Dr. Noronha’s academic work focuses on career preparation, residency scheduling and quality improvement. He has presented several national workshops on subjects including fellowship and job preparation, trainee professionalism, ambulatory curriculum, and residency scheduling systems. Dr. Noronha acts as a mentor for medical students and residents. While he has a great appreciation for academic medicine, he believes strongly that each trainee should choose a career path that best fits with their individual values and goals. He takes pride in seeing his mentees move on to a variety of fields and areas of practice.
In his free time Dr. Noronha enjoys spending time with his wife and 3 young daughters. He is an amateur aquarium enthusiast, enjoys exercising, and is still an avid Buffalo Bills fan despite decades of futility.
Dink Jardine, MD, is a general otolaryngologist working in the southeastern Virginia region. She is the immediate past Chair of the Accreditation Council for Graduate Medical Education (ACGME) Council of Review Committee Residents and has served on the ACGME Task Force on Physician Well-Being. She is currently active in the ACGME’s Back to Bedside initiative, a new program designed to empower residents and fellows to develop transformative projects to combat resident burnout by fostering meaning in their learning environments through increased meaningful engagement with their patients.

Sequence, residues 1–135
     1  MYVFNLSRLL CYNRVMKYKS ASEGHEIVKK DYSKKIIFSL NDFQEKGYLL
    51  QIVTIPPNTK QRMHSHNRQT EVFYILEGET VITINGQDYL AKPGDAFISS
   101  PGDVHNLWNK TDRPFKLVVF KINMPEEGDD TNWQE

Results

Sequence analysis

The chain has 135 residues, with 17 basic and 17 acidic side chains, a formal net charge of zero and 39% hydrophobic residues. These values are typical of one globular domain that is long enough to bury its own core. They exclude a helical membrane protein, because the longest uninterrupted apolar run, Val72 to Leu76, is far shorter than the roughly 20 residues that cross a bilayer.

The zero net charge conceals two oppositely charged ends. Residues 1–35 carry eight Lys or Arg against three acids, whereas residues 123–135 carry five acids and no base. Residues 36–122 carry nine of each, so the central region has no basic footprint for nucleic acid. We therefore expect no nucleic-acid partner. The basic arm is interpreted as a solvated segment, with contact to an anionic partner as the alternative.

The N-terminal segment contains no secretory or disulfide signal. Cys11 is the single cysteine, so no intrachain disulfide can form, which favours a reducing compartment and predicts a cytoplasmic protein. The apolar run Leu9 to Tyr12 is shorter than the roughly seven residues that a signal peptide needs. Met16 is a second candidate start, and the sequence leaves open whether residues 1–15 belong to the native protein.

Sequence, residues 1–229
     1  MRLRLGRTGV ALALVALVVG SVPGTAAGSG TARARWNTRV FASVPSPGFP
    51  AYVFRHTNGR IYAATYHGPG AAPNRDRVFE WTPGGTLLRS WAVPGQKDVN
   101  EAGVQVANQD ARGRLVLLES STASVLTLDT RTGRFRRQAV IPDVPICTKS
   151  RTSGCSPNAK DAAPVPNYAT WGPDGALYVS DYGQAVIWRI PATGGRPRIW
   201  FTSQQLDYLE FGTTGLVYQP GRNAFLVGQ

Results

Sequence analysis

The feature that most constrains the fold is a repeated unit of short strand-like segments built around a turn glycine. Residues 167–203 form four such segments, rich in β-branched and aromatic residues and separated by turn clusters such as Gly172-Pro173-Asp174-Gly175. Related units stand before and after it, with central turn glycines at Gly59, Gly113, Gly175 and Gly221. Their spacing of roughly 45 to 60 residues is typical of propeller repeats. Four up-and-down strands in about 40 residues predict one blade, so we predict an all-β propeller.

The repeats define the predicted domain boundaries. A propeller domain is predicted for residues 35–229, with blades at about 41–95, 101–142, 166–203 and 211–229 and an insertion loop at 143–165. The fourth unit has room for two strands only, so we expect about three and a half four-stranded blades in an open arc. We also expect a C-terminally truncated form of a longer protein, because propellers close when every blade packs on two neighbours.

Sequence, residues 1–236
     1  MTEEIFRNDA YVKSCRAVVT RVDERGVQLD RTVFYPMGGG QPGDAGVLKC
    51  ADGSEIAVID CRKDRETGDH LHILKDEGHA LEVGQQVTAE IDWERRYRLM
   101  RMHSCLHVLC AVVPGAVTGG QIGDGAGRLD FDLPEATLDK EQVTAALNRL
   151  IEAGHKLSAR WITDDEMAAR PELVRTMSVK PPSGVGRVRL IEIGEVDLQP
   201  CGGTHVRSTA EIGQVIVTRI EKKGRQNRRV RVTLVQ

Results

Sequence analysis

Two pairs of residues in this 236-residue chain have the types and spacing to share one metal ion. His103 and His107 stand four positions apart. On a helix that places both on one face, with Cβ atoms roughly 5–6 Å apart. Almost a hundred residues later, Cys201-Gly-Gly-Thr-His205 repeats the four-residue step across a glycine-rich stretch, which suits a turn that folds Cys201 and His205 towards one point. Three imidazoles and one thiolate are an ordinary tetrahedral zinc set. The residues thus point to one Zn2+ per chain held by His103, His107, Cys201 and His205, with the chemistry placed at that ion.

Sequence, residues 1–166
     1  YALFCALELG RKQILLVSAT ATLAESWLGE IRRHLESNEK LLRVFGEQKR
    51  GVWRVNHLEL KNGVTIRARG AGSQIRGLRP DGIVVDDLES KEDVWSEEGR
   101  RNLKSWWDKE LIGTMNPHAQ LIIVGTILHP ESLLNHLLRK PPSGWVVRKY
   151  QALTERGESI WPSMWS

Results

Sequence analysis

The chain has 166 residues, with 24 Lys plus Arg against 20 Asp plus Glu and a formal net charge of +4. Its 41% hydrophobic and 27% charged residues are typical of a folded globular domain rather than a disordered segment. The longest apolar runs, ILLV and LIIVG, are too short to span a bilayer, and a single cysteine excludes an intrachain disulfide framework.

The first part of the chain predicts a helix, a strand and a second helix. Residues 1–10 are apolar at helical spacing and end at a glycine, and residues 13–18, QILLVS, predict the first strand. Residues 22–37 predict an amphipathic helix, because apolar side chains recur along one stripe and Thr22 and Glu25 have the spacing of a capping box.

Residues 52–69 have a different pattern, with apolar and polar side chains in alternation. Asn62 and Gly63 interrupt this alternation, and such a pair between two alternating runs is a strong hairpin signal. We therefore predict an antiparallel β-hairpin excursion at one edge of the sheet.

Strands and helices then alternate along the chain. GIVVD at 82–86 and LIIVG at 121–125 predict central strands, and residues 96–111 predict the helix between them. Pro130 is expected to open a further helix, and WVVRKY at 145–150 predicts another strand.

When Dr. Jardine started medical school she planned to enter primary care with a focus on women’s health. She brings a non-traditional perspective to the discussion of choosing a specialty.
Dr. Jardine has a strong interest in promoting innovation in graduate medical education, fostering resident leadership and mentorship development, and addressing the epidemic of provider burnout by enhancing physician wellbeing. She serves as the director for faculty development for her hospital, as the otolaryngology residency program research coordinator, and on multiple educational and provider wellness committees and subcommittees. Her work has been published in the Journal of Graduate Medical Education, Current Problems in Surgery, and JAMA Otolaryngology Head and Neck Surgery among others.
Dr. Jardine lives in Virginia Beach, Virginia with her husband, a retired Marine Corps Infantry Officer, her three children: Sebastian (18), Xavier (14), and A’Ine (12) and their dog Pete.